Described variously as ‘joyful’ and ‘subversive’, Nam June Paik (1932–2006), the pioneer of video and media art, fled his homeland of South Korea as a teenager during the Korean War and studied aesthetics, philosophy and art history in Japan. Following time spent in Germany, where he met experimental composer and music theorist John Cage and began working with the Fluxus group, he moved to New York in 1964.
It was through avant-garde music that Paik became interested in using technological objects, particularly TV sets, in his art, with his first solo exhibition – 1963’s Exposition of Music – Electronic Television – debuting his television sculptures. Some of his best-known works incorporate old cathode ray tube TV sets, including the recent Tate acquisition Nixon 1965–2002, which consists of two monitors, placed side-by-side, both displaying the same close-framed image of former US president Richard Nixon giving a speech. The picture is periodically distorted by an electromagnetically charged copper coil attached to the front of each screen.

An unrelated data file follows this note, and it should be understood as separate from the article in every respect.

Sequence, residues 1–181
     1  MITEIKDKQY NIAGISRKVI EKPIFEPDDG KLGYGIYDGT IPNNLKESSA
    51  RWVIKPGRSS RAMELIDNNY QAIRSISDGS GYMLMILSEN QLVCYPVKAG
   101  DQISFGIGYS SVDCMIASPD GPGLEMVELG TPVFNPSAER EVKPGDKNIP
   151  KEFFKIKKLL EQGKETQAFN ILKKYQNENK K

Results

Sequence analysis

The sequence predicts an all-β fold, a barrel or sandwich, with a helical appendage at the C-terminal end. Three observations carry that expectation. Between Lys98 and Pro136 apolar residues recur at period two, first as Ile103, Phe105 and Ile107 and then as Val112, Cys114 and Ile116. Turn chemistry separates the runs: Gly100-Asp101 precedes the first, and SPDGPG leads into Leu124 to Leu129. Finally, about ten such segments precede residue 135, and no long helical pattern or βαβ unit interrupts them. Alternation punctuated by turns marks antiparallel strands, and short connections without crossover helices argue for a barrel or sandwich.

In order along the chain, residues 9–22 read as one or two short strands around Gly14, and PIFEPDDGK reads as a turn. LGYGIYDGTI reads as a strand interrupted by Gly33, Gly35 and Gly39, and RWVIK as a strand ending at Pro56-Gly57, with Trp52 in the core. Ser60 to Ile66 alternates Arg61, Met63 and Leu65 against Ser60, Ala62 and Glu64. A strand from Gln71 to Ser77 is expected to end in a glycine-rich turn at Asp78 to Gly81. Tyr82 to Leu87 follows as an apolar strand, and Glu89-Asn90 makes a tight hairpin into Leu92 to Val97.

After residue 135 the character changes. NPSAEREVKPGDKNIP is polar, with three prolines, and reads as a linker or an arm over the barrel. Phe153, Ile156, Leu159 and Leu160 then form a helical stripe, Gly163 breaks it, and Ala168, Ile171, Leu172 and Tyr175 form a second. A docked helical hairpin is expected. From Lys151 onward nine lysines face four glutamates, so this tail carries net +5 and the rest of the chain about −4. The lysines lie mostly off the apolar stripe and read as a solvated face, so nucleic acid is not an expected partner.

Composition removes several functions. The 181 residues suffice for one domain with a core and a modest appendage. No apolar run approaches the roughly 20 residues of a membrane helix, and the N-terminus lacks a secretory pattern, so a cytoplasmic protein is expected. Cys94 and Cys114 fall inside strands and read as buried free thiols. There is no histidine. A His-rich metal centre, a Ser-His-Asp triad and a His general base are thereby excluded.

It wasn’t simply the content being transmitted that intrigued Paik, but also the imposing physicality of television sets, their dominant domestic presence and their ability to captivate and pacify an audience.
Such sentiments are taken to their extreme in Bakelite Robot 2002, also recently acquired by Tate, where a cluster of outdated Bakelite radios with inlaid TV monitors, set at different angles, gives technology its own human form. The work offers a whimsical take on Paik’s much-deliberated self-set problem of ‘how to humanise technology’, making a wry comment on television’s dominance in our lives